ELYRIA — A painting of two canvasback ducks basking in soft sunlight by Elyria native and nationally known wildlife artist Adam Grimm was the winning image of the 2013 Federal Duck Stamp Contest.
Grimm, who now lives in Burbank, S.D., but once created his artwork from his parents’ Murray Ridge Road home, learned he was this year’s winner Saturday at the Maumee Bay State Park and Conference Center just outside of Toledo during the annual art contest — the only juried art competition sponsored by the federal government.
This is Grimm’s second win at the federal level.
In 1999, Grimm shocked contest veterans when at 21 he became the youngest person to ever to win the federal contest. And, while that win was the crowning achievement of his young career — it was the ammunition he needed to convince his parents that leaving college was the right move — Grimm said this newest win is so much more special.
“This is probably the greatest moment of my entire career — the best day of my life besides my wedding and my kids being born,” he said. “I don’t think I fully appreciated it when I won before, but with everything that has happened this year, this win is magnified.”
April marked one of the highest and lowest moments for the Grimm family. That was when he learned his daughter, Madison, 6, had won the 2013 Federal Junior Duck Stamp Contest only to have her victory stripped from her within a week. Her $5,000 scholarship was given to another winner.
“She was the youngest person to win the contest by nine years. The next youngest winner was 15, so, of course, they thought there was no way Madison did this herself,” Grimm said. “It devastated her because she worked so hard on that picture and started it because she told my wife she wanted to paint a picture just like daddy.”
The “just like daddy” part led many to wonder if Grimm did more than verbally coach his young daughter, who also chose the canvasback duck as her subject. Grimm maintains he never touched Madison’s painting.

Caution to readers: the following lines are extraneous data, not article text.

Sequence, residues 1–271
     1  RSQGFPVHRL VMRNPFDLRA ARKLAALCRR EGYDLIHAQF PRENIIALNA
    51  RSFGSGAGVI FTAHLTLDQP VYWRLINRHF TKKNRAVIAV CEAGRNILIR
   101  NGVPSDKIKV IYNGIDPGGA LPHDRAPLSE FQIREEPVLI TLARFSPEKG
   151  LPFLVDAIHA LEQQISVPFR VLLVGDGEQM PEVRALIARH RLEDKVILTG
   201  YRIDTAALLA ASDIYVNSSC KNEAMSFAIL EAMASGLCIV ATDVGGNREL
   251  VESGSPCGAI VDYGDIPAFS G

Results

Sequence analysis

“I taught her about mixing the paints and what angle to hold the brush so she can learn to get better,” he said. “We never in a million years thought she would win. At best, we were hoping for a good placing in her age group on the state level. But to be named best of show in South Dakota and then to win the national contest was not something we expected.”
Grimm said he never won on the junior level, although he did win best of show in Ohio when he was a young teen and even had his piece place high at the federal level. To see his daughter pick up his passion at such a young age makes him beyond proud.
“She has more talent at 6 than I did at that age. I was still doodling Spiderman,” he said. “But it’s fun to see her taking such a strong interest and having a passion for something I hold so near and dear to my heart.”
Grimm said he was able to prove to the judges that his daughter did not violate the rules by using a transfer technique from an unpublished photo he took and Madison’s win was reinstated.
But the damage had been done. Grimm questioned whether he would enter the adult contest, and when he finally did, he was adamant about not attending the finale show.
However, this also was the year a film crew was making a documentary about the contest, and Grimm, as a favorite because of his reputation of producing stunning, life-like paintings, was a main character in the film. The movie’s producers encouraged him to travel back to Ohio — having him in person win or lose was much better than filming a judge making a phone call after the fact.
“I thought I might win, but somehow the judges would quietly decide I shouldn’t win because of everything — like I was blacklisted or something,” Grimm said. “So to win the same year she won the junior and with the same species of fowl is just incredible. And, to have it all on film — from working on my entry to the moment my painting won gives this a surreal feeling.”
Now that Grimm and young Madison are winners, both will have to sit out next year’s contest — Grimm the next two per adult contest rules — but it will not stop either from creating art from a shared inspiration: the wonders of nature.
“Madison is obsessed with nature to put it mildly,” Grimm said. “She likes to raise butterflies and catch lizards and snakes. Nature is such a constant part of our lives.”
Grimm’s painting will be made into the 2014-15 Federal Duck Stamp, which will go on sale in late June 2014. The U.S. Fish and Wildlife Service produces the stamp, which sells for $15 and raises about $25 million each year to provide funds to conserve and protect wetland habitats in the National Wildlife Refuge System.
“For eight decades, hunters, birders and millions of other people who purchase Federal Duck Stamps have made a direct contribution to wildlife conservation through the protection of wetland habitats,” said Jerome Ford, the service’s assistant director for migratory birds. “Our nation’s birds and other wildlife — and people, too — thank everyone who ‘puts their stamp on conservation’ by buying Duck Stamps.”